Or even playing an instrument.

“Expression, feeling can be incorporated into music,” Sargent said, if you express your feelings, “you can learn to play an instrument.

“There are many masterful musicians that can’t read music. Take someone like Jimi Hendrix — in my opinion, the greatest to ever look at a guitar — he couldn’t read music. You can play an instrument and not need to read music.”

But ensemble members need to want to express themselves.

With some members, like McClelland, approaching their ensemble instruments for the first time, Sargent’s idea resonates throughout the group.

Accompanying each of the performers is a dynamic range of musical tastes, lived experiences, passions and interests.

Diversity which Robinson uses to the group’s advantage in improvised break-out groups of two to four musicians.

The members split themselves into pairs of nontraditional groupings of instruments.

Ranging from soft ballads of love, to grunge-jazz blends, to simply noise, all the groups are equally ear-catching in their own way, unique to their build of personalities and instruments.

Each group will perform a five-minute piece improvised on the night of their first full set.

Through each “experiment”– whether it is a few members or the whole group, planned or improvised, purposeful or accidental — Robinson believes the group builds an appreciation for sound. Experimenting with unconventional sounds and unconventional ways of organizing that sound will make it more familiar — or rather make one appreciate the unfamiliar.

The key to this new appreciation: exposure — a prelude which, for Robinson, began in middle school.

Music long sat at the forefront of his mind, but Robinson said his interest was “ineffable;” he could not find the words to describe it.

The inability to find the right words to express himself might be what drew Robinson to music in the first place.
“If I had words to express these things, I wouldn’t make music,” Robinson said, “I would write books.”

But instead, he has been writing music since elementary school.

“I remember being a little disheartened that my friends didn’t want to sing with me,” Robinson said.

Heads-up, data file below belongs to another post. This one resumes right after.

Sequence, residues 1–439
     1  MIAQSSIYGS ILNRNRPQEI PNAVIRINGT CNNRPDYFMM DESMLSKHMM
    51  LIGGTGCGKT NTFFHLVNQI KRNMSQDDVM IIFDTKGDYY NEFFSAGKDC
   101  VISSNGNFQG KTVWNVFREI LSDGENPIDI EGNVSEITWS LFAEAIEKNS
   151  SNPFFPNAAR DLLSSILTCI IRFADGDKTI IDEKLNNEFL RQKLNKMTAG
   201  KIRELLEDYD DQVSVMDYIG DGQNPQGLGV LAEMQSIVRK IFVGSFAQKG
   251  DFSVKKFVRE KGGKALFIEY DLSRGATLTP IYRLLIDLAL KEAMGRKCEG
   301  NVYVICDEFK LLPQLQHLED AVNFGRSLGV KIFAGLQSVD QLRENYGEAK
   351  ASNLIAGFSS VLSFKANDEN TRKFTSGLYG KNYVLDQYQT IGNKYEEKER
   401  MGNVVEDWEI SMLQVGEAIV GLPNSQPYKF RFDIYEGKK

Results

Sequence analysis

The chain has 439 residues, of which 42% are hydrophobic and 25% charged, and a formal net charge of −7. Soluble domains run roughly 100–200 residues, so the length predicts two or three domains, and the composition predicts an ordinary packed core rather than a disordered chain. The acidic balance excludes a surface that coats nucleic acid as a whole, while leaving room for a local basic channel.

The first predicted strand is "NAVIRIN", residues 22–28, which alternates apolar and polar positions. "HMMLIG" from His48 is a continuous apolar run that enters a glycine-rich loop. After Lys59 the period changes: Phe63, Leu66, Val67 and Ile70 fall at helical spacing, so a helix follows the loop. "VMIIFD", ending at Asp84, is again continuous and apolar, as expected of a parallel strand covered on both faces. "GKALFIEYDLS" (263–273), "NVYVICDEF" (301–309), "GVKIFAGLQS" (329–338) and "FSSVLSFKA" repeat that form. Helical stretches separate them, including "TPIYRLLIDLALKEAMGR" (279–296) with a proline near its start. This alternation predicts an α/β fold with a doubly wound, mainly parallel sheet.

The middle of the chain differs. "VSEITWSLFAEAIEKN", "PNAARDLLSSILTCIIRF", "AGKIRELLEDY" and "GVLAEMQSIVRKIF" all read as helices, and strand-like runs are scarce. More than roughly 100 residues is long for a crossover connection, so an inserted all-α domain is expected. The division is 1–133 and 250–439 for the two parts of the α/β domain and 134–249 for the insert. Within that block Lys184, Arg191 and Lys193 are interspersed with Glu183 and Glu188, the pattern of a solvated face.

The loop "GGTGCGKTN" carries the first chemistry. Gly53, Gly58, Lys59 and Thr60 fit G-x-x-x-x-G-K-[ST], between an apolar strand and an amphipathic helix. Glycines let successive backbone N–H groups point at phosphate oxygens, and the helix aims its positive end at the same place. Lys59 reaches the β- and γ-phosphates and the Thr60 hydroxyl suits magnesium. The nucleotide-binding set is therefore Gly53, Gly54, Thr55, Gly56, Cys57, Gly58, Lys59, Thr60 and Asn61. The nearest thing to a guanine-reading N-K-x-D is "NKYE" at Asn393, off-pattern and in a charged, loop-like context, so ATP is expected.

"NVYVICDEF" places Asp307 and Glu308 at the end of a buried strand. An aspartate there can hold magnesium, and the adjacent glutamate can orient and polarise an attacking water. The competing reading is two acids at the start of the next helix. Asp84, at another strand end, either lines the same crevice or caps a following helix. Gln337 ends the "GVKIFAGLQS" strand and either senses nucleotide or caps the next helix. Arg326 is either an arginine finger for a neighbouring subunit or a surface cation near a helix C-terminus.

At Community, the ensemble offers something to students Robinson didn’t always have in school — an informal way to connect with other kids interested in what he was.

While his friends wanted to play football at recess, music drew Robinson in.

“Robinson and music are forever intertwined,” Sargent, who has known Robinson since he was six, said. “That dude bleeds music.”

Growing up in Kankakee in the ’90s, it seemed to Robinson that everyone was in a band. But, his knack for the saxophone couldn’t transfer to the punk rock scene dominating his area.

“When I was in like seventh grade I started playing the guitar,” Robinson said. “After I had joined a band.”

Without any training, Robinson just assumed he could play it.

He made the same assumption about the mandolin, the banjo, the drums, the bass clarinet, and on and on till he racked up a list of instruments he couldn’t count off on his fingers.

With each new instrument Robinson picked up, he expanded his box of possibilities, each new instrument offered a new way of thinking about his art. Each new instrument pushed the edges of what music could be a little further out.

Spanning from studying Indian classical music to collaborating with a member of Arcade Fire, Robinson’s passion has yet to be defined, but this time by choice.

The refusal to be boxed in can be seen in the name of his current musical project.

“‘How big is the paper towel roll?’ ‘I don’t know… it’s about yea big,'” Robinson said, holding his thumb and pointer finger an inch from each other. “It’s a very vague measurement.”

His solo work, Yea Big, also serves as a “vague measurement” of his art.

“I don’t want to be pinned down,” Robinson said, “I don’t want people to be like, ‘Oh he’s the guy that produces avant garde hip hop, or he’s the guy that plays free improv bass…’ I don’t want to be the guy that does any of that stuff.”

Rather than defining his passion by his many accomplishments such as his tour through the Midwest, Robinson collaborates with those like Chicago’s Experimental Sound Studio — dedicated to the creative exploration of sound — and those members of the Experimental Ensemble who share his dream of innovation.

“I want to be a ‘he’s the guy that just does what he wants to do because he’s interested in sound, and wants to be limitless with [sound],'” Robinson said.

Robinson’s philosophy is that he doesn’t have to perfect his instruments to achieve the sound he wants. In fact, Robinson doesn’t believe he plays any of his instruments particularly well.

“I play all of them well enough to be able to explore them and to be able to make music with other people,” Robinson said.

His motivations behind the club cater towards new experiences.

“It’s not just like a totally selfless, altruistic endeavor,” Robinson said. “This gives me the opportunity to explore music in a way that I don’t get to do anywhere else.”

The Normal Community High School Experimental Ensemble adds to his ever-expanding resume of experimental groups including: Yea Big, Disorganizer and the Shoshin Trio.

“It’s like the hungry ghosts… if you’re a ghost, metaphorically speaking, you can’t ever really feed yourself,” Robinson said. “So if you’re a hungry ghost, you never satiate your appetite. I’m like a musical hungry ghost.”

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About the Contributor
Matthew Beigie, Staff Writer
Matthew Beigie is a junior at Normal Community High School and is involved in the school orchestra. This is his first year working with the Inkspot, and he is a staff writer. On the weekends I enjoy hanging out with friends and playing basketball. I am interested in discovering different types of music. In my free time, I watch movies and listen to music.